Krasinski did mention that he watched horror films with a social commentary like Jaws and Get Out for inspiration, but did not intentionally make this film with an eye on direct commentary. New Yorker writer Richard Brody called the film “the antithesis of Get Out” with a conservative and pro-gun message. It’s difficult to determine how Brody came to this conclusion, but he seems to fixate on the inclusion of guns in the film. Krasinski has directly rebuked this critique in subsequent interviews saying that while he can understand how someone could come to that conclusion, really his sole intention with the film was to make the theme about parenthood.
In contrast to Brody’s review, Roman Catholic Bishop Robert Barron noted heavy religious themes with a pro-life message in the film citing the family’s agrarian life and Evelyn’s decision to have her baby in spite of the apocalyptic circumstances. Krasinski isn’t going to respond to every critique and any self-respecting director will defend their work in spite of the criticism. Even though the film has only been out for a couple of years at the time of this writing, there have been wildly different themes and interpretations other than what is onscreen.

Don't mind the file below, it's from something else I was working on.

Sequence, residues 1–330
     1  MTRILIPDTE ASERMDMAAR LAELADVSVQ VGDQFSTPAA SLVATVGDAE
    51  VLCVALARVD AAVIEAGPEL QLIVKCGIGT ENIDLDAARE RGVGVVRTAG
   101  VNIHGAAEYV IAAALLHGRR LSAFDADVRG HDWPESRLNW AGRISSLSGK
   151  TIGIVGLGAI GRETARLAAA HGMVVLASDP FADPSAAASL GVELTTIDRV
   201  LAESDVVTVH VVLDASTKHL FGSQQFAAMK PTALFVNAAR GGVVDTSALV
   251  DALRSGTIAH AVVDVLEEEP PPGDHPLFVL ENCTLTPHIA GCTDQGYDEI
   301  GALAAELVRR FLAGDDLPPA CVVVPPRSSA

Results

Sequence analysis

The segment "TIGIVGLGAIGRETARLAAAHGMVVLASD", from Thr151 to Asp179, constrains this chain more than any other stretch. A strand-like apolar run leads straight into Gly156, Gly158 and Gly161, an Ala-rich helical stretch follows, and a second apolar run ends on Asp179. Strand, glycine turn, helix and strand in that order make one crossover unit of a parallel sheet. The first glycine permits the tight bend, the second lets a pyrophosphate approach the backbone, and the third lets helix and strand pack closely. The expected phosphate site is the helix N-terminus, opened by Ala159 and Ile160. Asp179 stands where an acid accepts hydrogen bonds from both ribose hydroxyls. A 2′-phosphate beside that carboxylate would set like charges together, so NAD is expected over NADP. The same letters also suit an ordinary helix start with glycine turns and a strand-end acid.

Within the theme of parenthood, we see Evelyn and Lee try to move forward after their youngest child is brutally killed by one of the invading creatures in the opening few minutes of the film. At some point, every member of the family questions their role in the child’s death and asks if there was anything more they could have done to save him.
It’s here we get some of the best moments of the film where Marcus reminds his father that he needs to talk with his daughter and remind her that her brother’s death was not her fault. We also see Regan deal with her own guilt as she was the one who let Beau have the toy with the batteries, ultimately attracting the creature that kills Beau.
Finally, we see a tender moment between Lee and Evelyn after their child is born when she asks him to protect their children no matter what.
With a film titled A Quiet Place, it’s obvious from the beginning that sound is going to be the most important element. In the first scene where we meet the Abbott family and witness the tragedy of young Beau being killed, we do not hear that many sounds. There’s the pitter patter of tiny feet and an object slipping from a shelf, but we don’t hear a true loud sound until Beau turns on the toy and it attracts the creature.
As an audience we see that sound is something to be feared during this experience. While the loud sounds are not used often, they are used very effectively. This is especially true when Marcus and Regan are playing until he accidentally breaks a lantern. This would normally be an innocuous sound, but their life shown onscreen is idyllic in spite of the silence that we forget that sound is to be avoided.